So Angelina arose from her knees, and, climbing into the high bed, sunk herself into the soothing feathers. She had | | 49 been bursting with thanksgiving and she could not pray enough. Her father's caress had made her happy, and she thought that, for all her life, she would certainly continue to I,e just as joyful as she felt now. As for Arthur Rogers, she had clean forgotten him. She seemed to stand at the foot of the ladder of life, ready to climb, looking up at stars and sunlight. This was paradoxical, but she had thought of it, and she would neither dismiss nor disturb it. She fell asleep saying "Stars and sunlight." She saw the rungs of her fairy ladder. Life had changed.

But the sorrowful thing happened next day. Timothy Peachey was in a state of anguished shyness, and in this he, continued. He more deeply regretted his tender outburst to Angelina than he did the box on the ears that he had given her. Henceforth, her very presence reproached him and she stood, as a feminine thing, for everything that he detested. She was reminiscent of his mother in her worst phases, and he brooded to morbidity upon all the misery of that big house at Putney, where his father had lived and where he had faithfully covered up the faults of a light woman because she was his wife. Timothy Peachey was unhappy in his womankind: in the mother which Nature had bestowed upon him and in the wife to whom, in Puritan self-defence, he had early bound himself.

Of his two girls, give him Blanche, with her fresh face, already too deeply pink, and her cheerful barmaid ways! Blanche would be straight. She would be merely vulgar as her mother was. He preferred that. Vulgarity got upon your nerves, perhaps, yet it made no assault upon your soul. He liked what, vaguely, he called "a good woman": meaning those who are stupid and safe.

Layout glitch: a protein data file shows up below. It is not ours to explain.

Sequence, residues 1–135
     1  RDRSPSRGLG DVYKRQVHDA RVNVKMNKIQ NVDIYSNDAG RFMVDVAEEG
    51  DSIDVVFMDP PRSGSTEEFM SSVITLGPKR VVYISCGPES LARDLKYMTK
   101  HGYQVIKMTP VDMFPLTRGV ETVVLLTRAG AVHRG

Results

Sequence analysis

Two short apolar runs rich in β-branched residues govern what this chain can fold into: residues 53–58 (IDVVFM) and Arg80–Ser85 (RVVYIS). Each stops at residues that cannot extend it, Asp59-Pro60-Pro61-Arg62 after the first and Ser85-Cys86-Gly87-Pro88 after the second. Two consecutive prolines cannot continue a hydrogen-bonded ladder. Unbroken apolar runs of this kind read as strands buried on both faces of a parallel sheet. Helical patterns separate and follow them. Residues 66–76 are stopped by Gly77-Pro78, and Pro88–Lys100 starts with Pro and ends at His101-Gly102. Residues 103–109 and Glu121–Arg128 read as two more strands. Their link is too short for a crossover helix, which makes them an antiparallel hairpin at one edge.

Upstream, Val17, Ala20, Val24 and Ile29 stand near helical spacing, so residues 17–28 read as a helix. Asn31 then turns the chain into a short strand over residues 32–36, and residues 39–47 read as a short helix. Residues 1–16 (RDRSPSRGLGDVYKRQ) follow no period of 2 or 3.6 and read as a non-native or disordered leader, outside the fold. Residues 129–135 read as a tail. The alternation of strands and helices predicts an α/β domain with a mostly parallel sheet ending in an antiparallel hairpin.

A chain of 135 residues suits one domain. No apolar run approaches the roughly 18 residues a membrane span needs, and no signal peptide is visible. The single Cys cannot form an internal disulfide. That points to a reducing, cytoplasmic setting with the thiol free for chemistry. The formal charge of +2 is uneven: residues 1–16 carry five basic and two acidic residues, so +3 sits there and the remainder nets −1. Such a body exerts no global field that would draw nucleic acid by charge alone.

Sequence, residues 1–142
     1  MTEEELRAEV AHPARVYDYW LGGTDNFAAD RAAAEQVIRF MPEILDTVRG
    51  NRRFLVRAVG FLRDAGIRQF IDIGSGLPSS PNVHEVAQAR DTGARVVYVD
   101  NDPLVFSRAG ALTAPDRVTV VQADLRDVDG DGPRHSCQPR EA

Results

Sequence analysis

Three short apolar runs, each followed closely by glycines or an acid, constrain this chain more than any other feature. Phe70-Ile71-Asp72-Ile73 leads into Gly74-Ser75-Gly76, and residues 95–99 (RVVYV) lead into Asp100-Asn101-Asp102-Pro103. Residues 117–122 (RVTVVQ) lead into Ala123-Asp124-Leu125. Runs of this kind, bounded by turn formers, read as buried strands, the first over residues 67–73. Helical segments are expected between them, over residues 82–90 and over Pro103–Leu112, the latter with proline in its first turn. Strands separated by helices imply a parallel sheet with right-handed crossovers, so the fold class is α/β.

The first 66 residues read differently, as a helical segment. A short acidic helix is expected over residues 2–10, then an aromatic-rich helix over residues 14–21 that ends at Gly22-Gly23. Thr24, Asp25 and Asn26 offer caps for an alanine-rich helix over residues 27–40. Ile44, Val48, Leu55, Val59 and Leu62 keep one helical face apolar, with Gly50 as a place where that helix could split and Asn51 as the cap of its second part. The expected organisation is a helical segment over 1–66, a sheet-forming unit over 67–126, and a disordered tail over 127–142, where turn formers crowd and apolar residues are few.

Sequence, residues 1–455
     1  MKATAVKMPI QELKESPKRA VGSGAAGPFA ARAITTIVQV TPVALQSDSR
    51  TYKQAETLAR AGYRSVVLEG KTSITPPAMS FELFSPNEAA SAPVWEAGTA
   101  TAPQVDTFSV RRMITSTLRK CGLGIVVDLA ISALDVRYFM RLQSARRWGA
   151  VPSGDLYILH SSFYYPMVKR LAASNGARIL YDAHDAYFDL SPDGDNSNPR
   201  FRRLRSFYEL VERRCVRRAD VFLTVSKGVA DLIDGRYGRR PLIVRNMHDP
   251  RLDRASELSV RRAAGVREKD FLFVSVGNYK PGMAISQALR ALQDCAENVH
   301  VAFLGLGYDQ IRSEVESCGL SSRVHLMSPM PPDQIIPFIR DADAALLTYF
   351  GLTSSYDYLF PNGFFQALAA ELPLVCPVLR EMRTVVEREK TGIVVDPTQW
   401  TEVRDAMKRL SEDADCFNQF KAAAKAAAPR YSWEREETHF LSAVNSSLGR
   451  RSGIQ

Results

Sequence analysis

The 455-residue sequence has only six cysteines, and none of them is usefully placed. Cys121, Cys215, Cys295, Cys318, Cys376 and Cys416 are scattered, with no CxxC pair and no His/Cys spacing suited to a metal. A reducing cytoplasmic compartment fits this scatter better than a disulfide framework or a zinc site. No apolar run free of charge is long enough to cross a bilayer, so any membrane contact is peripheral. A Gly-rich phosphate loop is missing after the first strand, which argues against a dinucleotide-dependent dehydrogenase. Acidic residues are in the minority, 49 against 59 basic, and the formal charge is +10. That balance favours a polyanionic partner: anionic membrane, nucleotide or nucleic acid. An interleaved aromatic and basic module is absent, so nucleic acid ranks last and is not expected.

After that revealing night of the soirée he was not unkind to Angelina. He was worse. He glazed himself over and became, to her, a man in a coating of frozen glass. His eyes said "I detest you."

Christmas and the winter passed away. The children went to school every day, except sometimes when the fog was too thick for any one to go out unless they were obliged to. Angelina loved the inner yellow warmth of those secluded days, lamps in the house and queer silence; out of doors, slow | | 50 movement, fitful torches and a sense of the husky whisper. The very bell of the Cathedral was muted. Among other differences in these fog days was the fact that Mr. Peachey did not go across to Sweeting's for his sandwich and stout. His wife was afraid that he would get run over. Curiously, he yielded to her upon this nervous point and stayed rigidly either in the shop or in his little sanctum at the back of it. The shop was warm and softly lighted, and very fragrant. Fog hung in it, as an amber mist. Angelina loved the shop. But she only saw it through peeps in at the door as they went to school or came home. They were never allowed into the shop. She was not even a customer and could not buy a bottle of scent or have a medicine made up.